Buenos Aires – If you’re in the food world, especially in the restaurant end of it, you tend to hear murmurs about this chef or that in that world. The murmurs are usually in the line of “I had the most amazing…” or “X may not be famous, but he’s the best…”. Falling into that category is chef Roger Souvereyns, a Belgian chef who, while not completely unfamous, is not exactly a household name, let alone one that most foodies would even recognize. His inn, in the Belgian countryside, is a gorgeous affair, with a spectacular maze garden. But more importantly is his food – while I’ve never eaten there myself, over the years I’ve heard whispers and sighs as friends who have, have returned to extol the virtues of his presentation, his flavors, his flair, his creativity.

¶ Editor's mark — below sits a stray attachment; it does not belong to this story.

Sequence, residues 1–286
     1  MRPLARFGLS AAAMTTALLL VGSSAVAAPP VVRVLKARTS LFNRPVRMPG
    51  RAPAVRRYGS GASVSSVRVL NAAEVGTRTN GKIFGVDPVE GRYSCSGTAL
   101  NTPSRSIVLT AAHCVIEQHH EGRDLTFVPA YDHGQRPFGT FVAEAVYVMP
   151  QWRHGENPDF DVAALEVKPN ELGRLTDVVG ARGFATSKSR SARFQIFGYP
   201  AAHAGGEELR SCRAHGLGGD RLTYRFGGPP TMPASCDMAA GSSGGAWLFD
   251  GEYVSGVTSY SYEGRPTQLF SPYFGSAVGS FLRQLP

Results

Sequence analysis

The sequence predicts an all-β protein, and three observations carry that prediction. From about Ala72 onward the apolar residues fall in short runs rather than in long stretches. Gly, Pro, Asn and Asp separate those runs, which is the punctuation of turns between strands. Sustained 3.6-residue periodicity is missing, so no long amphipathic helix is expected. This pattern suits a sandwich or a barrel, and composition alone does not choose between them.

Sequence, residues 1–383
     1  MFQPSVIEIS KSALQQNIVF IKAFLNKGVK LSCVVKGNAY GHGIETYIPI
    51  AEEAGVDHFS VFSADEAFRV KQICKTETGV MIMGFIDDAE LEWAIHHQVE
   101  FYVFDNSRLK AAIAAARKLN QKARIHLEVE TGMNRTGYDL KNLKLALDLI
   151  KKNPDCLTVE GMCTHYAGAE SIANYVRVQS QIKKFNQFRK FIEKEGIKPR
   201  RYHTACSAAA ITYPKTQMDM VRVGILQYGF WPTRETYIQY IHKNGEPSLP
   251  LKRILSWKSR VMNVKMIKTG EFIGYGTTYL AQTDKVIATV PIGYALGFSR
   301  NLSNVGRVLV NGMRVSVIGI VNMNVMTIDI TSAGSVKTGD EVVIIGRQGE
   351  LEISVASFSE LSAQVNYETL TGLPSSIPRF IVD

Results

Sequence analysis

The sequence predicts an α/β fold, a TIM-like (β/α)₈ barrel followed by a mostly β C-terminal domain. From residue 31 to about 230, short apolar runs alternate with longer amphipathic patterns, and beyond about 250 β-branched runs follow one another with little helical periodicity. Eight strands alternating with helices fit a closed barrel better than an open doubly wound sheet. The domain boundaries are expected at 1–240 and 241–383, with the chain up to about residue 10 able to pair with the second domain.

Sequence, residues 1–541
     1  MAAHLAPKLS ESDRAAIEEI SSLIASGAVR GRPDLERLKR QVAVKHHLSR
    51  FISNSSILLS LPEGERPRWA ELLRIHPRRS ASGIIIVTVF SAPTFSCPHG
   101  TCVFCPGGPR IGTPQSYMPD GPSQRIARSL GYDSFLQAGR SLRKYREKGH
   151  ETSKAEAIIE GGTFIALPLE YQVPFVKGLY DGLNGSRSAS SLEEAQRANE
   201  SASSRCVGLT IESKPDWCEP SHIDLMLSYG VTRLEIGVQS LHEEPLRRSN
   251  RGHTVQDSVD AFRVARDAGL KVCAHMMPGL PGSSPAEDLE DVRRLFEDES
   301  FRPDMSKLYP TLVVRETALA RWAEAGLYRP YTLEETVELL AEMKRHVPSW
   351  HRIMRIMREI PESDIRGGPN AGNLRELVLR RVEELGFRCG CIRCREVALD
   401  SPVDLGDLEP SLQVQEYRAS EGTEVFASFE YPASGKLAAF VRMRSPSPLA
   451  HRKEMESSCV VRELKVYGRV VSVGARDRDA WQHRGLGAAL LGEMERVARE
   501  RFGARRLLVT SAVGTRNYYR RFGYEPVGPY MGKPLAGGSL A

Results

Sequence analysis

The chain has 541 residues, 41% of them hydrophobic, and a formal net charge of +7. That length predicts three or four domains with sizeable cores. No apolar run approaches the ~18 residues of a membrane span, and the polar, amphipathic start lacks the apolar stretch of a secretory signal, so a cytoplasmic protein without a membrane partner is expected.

Every now and again I search for one of his books, they’re difficult to find affairs. A couple of weeks ago I found a listing online for a first edition of his Look Into the Spoon. This is a stunningly photographed book, with equally intriguing recipes, and interspersed with the fascinating history of… the spoon. Souveyreyns is an inveterate antiques collector, and his spoon collection is his pride and joy. It makes for a great read, and if you should ever find yourself a copy, it’s worth getting. Mine required long distance negotiation with Simon of Chevin Books in England to convince him that sending a package to the wilds of South America was not akin to tossing the book into the fireplace. I’m delighted that he relented, as this book is ridiculously difficult to find for one that was published a mere ten years ago. I also grabbed another book from his collection, more on that after I’ve had a chance to peruse it.